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“I belong to myself now”: Niki Leffingwell on coming out, gaining the hunger to live

Best friends and chosen family Niki Leffingwell (left) and Jenica Andersen (right).
Best friends and chosen family Niki Leffingwell (left) and Jenica Andersen (right).

As part of the 2022 StoryCorps mobile tour, which is in the midst of a month-long residency in Missoula, Montana, at the Missoula Public Library, best friends and chosen family Niki Leffingwell and Jenica Andersen talk about gaining the hunger to live, about being and belonging to oneself, and about hope and healing.

CW: Please note that this excerpt contains mentions of suicide and depression and may be triggering for some listeners. If you’re thinking about suicide, are worried about a friend or loved one, or would like emotional support, please call the National Suicide Prevention Lifeline at 1-800-273-8255.

Jenica Andersen: What would you say... A thirty-second-or-less description—a life story... What’s your arc? At this point? What does it look like? The narrative...

Niki Leffingwell: Yeah.

Jenica Andersen: ...that is you.

Niki Leffingwell: Oof. I think the first three and a half decades of my life were surviving.

Jenica Andersen: Wow.

Niki Leffingwell: And then it was a choice point, a moment. I remember very clearly, at age thirty-seven, sitting on my floor, meditating. And I think people often describe coming to not know themselves as, like, a long process, and it is, but I definitely had this instant of Oh, oh, shoot. [Laughs]

Jenica Andersen: Fiddlesticks. [Laughs]

Niki Leffingwell: [Laughs] Fiddlesticks. What if, what if you’re queer? And what if you built an entire life around other people’s expectations of you, because you are such an amazing chameleon, and you so want to be loved and appreciated and admired by your family and by the community you were raised in? And what if all that was so unfulfilling to you, because it was never feeding your soul, that it generated three and a half decades of being depressed and intermittently suicidal and not always the healthiest person?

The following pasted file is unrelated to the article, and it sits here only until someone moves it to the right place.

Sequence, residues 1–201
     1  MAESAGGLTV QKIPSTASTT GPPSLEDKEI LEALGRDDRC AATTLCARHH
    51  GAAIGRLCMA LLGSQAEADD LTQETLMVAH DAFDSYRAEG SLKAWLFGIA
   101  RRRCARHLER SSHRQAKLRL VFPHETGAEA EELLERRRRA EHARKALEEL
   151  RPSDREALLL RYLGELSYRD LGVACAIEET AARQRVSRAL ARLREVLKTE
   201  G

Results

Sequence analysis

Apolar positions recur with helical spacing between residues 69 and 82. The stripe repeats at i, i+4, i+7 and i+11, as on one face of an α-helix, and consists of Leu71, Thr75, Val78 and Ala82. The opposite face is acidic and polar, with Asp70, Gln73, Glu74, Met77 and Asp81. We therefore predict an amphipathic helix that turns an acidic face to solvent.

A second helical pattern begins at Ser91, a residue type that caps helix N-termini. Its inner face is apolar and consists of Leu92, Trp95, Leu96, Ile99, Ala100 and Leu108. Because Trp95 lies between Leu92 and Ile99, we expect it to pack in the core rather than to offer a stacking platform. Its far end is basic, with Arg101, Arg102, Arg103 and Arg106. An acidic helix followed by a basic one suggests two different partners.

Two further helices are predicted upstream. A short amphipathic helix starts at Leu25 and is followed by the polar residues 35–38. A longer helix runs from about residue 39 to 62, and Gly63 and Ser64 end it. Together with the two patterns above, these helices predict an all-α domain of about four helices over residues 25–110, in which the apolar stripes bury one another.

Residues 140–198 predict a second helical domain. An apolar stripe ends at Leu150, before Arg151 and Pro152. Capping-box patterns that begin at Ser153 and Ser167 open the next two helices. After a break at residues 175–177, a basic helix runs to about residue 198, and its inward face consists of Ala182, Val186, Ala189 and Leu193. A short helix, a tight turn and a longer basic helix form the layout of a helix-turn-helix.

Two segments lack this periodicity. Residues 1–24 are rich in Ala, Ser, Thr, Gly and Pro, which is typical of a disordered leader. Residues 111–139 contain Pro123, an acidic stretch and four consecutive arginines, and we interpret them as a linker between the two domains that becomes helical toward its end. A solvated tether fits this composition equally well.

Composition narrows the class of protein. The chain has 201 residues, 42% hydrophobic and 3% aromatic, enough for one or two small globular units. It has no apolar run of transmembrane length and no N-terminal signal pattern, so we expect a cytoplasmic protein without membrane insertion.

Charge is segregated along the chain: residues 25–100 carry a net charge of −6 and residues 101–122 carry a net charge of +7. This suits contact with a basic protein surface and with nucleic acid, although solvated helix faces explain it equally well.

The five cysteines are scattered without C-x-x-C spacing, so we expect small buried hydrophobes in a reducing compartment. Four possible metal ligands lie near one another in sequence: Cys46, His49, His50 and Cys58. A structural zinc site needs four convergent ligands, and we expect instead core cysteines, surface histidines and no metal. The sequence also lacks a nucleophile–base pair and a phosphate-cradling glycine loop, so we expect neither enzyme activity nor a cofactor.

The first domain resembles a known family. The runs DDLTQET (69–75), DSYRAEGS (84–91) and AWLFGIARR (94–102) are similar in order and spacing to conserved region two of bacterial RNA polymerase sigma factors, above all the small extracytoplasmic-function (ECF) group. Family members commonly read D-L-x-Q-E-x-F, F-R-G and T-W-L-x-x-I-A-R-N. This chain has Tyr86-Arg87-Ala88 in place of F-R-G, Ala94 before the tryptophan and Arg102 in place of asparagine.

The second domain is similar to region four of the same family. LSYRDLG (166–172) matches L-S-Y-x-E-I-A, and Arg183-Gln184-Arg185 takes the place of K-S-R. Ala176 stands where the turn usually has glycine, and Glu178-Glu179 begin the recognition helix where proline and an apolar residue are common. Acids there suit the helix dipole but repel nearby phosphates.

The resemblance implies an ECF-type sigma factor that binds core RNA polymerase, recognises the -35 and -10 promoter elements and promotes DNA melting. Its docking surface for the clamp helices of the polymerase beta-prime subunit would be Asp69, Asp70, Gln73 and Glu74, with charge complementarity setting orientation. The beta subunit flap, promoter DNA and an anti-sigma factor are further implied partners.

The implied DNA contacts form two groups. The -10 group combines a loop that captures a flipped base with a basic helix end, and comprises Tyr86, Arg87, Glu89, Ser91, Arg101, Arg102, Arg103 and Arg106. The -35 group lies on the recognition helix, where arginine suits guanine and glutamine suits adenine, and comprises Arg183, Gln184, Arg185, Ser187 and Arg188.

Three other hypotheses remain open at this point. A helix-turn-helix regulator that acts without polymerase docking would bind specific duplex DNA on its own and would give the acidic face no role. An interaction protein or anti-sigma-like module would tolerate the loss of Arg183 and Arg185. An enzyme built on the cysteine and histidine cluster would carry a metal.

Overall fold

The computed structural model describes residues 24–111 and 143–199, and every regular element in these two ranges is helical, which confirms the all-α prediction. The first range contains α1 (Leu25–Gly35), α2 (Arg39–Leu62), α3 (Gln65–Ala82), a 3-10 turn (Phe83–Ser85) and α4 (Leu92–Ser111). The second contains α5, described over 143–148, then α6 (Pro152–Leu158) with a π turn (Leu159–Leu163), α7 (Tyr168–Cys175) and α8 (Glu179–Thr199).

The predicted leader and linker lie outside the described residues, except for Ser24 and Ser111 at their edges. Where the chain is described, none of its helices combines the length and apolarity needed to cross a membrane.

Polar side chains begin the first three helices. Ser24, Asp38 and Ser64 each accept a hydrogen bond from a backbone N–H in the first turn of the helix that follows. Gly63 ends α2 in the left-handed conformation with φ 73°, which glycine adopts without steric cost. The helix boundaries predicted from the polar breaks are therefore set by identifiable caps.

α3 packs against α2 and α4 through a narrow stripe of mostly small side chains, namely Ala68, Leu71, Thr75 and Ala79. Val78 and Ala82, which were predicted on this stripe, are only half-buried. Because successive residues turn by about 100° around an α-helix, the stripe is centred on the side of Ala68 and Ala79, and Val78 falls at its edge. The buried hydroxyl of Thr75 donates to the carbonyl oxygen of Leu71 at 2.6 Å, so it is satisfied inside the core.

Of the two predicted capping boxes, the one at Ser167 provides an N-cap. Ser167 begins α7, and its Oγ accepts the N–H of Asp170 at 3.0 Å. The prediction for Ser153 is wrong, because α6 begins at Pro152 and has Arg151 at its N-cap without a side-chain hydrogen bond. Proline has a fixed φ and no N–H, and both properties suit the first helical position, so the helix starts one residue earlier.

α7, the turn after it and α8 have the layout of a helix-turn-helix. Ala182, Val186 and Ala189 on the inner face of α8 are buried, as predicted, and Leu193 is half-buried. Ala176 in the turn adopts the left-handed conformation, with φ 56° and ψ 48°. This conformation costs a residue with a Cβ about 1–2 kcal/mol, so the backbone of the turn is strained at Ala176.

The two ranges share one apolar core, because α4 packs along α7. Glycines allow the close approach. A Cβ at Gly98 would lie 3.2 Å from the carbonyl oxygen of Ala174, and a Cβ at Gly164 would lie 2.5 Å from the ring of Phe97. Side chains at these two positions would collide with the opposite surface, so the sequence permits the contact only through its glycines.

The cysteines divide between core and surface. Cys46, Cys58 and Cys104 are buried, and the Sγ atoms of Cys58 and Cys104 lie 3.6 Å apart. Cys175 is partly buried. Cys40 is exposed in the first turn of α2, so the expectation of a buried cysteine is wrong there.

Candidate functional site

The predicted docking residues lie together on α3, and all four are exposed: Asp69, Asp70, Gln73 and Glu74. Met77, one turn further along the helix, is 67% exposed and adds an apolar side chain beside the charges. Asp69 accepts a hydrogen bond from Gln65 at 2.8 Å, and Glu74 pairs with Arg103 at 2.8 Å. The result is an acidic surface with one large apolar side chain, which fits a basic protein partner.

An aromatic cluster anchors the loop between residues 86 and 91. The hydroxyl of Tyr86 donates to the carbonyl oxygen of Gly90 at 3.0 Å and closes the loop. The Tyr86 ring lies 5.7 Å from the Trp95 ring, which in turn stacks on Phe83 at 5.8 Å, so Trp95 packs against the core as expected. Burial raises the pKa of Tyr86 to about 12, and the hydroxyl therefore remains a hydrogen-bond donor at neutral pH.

And so that moment was a choice point, and I remember thinking for an instant, You could just keep—you could keep pretending. And I just—I decided not to. And I saw that in a flash, too, in my head, what I was going to lose, which was everything. And I have, except for my children, and the friends who have stayed. And those who have left? They never saw me anyways. So—

Jenica Andersen: What have you gained?

Niki Leffingwell: Oh, myself. [Laughs] The desire to die is gone. I am so hungry to live now. I feel this deep well of gratitude and awe for getting to be here now in this, in this place in time and to have been given the gift of wherever that strength came from. Because I—it doesn’t feel like it’s mine. It feels like it came from somewhere else, to say yes. And to keep saying yes, and to dive off the edge in a really wholehearted way, which—I’m still in the freefall in some ways. But I belong to myself now—for the first time ever. And I can’t really fathom a greater gift, and I hope what comes out of that, as what I foresee as hopefully being the next arc, as I am patient and allow this to unfold: I hope it allows me to deliver some medicine to this world that is deeply and singularly mine to bring and that I can heal myself and something else and in a way that matters. Yeah, that wasn’t thirty seconds.

Jenica Andersen: [Laughs]

The 2022 StoryCorps mobile tour is recording at the Missoula Public Library, giving Missoulians the opportunity to preserve their conversations and stories for future generations. StoryCorps Missoula is brought to you in part by Clearwater Credit Union, Partners Creative, and Montana State Fund.

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